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7 Feb 2001 : Column WA107

Written Answers

Wednesday, 7th February 2001.

Salmon and Freshwater Fisheries Review Group Report

Lord Peston asked Her Majesty's Government:

    When they will publish their formal response to the Salmon and Freshwater Fisheries Review Group report.[HL643]

The Minister of State, Ministry of Agriculture, Fisheries and Food (Baroness Hayman): Copies of the formal government response have today been placed in the House of Commons Library. A copy of the government response is being sent to all those who responded to the report.

Merchant Shipping Act 1988

Lord Lester of Herne Hill asked Her Majesty's Government:

    Whether they will publish the documents relating to the history of the discussions leading up to the enactment of the Merchant Shipping Act 1988 and the making of regulations under it, given that the documents were disclosed for the purpose of the Factortame litigation in relation to the issue of liability for breaches of Community law and were referred to in the English courts' decisions.[HL503]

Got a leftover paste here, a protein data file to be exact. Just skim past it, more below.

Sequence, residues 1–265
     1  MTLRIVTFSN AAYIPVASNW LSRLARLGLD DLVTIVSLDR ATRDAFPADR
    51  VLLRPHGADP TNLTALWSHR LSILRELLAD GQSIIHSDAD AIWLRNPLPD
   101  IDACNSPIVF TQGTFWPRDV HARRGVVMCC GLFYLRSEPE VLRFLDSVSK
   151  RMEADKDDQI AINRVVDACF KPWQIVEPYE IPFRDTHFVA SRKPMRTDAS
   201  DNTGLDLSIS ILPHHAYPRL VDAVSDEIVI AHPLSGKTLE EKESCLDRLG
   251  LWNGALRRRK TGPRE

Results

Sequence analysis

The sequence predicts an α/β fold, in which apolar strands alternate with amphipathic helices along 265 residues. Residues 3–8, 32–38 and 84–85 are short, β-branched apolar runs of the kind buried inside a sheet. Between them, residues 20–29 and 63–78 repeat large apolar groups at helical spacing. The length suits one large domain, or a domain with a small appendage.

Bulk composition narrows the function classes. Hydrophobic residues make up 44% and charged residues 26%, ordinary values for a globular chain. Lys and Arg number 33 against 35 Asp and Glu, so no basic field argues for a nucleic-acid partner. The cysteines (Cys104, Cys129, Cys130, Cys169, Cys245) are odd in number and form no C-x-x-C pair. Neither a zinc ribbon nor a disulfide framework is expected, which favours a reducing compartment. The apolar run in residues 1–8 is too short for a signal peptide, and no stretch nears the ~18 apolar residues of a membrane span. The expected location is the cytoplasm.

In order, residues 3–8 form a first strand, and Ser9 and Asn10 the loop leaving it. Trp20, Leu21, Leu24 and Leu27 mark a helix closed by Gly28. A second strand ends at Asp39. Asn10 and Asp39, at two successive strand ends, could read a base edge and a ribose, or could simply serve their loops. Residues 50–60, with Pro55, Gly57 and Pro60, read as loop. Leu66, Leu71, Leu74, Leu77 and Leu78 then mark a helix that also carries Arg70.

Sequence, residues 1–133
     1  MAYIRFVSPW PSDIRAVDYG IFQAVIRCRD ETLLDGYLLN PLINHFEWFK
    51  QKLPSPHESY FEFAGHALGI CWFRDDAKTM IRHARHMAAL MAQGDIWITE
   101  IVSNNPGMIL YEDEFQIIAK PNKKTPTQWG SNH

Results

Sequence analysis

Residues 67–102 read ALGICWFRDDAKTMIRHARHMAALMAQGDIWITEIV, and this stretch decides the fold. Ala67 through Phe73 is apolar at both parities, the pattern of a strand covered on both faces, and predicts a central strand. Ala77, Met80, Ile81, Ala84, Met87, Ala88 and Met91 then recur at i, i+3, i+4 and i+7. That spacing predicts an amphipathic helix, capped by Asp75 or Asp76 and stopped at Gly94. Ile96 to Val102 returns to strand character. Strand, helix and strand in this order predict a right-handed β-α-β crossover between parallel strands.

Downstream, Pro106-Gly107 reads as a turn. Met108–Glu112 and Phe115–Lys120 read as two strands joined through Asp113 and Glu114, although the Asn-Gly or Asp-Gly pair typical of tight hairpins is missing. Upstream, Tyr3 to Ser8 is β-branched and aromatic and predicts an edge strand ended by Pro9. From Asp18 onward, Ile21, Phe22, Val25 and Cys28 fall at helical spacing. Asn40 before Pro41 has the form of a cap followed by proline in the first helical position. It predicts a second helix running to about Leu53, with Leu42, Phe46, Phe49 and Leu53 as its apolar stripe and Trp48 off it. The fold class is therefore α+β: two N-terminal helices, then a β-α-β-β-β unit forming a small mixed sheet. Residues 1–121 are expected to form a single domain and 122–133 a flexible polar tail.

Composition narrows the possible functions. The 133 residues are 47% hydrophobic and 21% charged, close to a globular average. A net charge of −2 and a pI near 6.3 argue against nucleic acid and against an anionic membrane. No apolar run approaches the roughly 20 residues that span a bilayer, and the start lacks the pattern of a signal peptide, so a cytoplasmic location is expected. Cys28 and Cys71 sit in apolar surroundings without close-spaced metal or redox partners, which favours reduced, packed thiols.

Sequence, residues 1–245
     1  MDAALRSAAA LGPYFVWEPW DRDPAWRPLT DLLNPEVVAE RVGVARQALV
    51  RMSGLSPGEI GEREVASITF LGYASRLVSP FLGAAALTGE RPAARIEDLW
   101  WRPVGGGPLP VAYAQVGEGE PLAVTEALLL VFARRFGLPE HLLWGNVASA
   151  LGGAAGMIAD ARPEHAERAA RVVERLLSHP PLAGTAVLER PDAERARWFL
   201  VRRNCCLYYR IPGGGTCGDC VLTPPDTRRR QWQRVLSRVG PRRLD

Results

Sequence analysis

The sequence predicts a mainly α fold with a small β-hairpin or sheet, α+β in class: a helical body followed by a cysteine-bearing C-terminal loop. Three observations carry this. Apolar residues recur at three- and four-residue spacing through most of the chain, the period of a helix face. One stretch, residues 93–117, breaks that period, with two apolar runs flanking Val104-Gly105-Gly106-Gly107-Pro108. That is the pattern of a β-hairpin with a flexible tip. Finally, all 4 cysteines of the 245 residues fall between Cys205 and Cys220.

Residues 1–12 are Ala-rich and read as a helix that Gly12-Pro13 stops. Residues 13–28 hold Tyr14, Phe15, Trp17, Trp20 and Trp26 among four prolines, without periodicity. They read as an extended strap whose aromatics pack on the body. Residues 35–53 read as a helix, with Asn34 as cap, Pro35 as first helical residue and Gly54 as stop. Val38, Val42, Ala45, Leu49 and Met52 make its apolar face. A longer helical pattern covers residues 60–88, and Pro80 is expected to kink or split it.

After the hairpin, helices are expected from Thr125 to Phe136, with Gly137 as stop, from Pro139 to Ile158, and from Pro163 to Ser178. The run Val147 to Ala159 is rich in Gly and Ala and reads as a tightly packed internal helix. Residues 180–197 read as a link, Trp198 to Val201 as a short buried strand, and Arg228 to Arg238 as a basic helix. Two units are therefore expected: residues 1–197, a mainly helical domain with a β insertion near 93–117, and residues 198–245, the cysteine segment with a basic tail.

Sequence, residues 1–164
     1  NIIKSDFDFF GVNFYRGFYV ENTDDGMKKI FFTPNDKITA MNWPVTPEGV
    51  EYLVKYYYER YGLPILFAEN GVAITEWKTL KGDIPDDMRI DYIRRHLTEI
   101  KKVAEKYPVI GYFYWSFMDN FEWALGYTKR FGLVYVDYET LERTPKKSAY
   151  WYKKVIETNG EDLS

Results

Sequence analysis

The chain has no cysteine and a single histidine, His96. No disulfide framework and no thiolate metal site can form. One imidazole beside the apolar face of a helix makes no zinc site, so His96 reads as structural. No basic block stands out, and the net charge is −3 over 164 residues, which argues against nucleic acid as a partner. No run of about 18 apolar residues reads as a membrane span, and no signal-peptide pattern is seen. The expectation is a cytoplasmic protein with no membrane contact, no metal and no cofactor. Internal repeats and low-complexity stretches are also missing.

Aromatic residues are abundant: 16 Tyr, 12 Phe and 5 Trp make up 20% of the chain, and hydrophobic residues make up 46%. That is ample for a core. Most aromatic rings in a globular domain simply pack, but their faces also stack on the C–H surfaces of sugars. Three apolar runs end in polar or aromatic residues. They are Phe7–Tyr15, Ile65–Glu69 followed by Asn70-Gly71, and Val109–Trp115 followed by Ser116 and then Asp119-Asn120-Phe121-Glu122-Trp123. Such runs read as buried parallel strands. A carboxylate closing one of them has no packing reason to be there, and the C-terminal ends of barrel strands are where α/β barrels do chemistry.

Baroness Hayman: Consideration of the noble Lord's request has raised a number of complex legal issues which we regret have taken a considerable amount of time to resolve. As soon as we have done so we will write to him and place a copy of the letter in the Libraries of the House.

Misuse of Drugs Act 1971: Response to Inquiry Report

Lord Stallard asked Her Majesty's Government:

    When they will respond to the report on the Police Foundation inquiry into the Misuse of Drugs Act 1971.[HL657]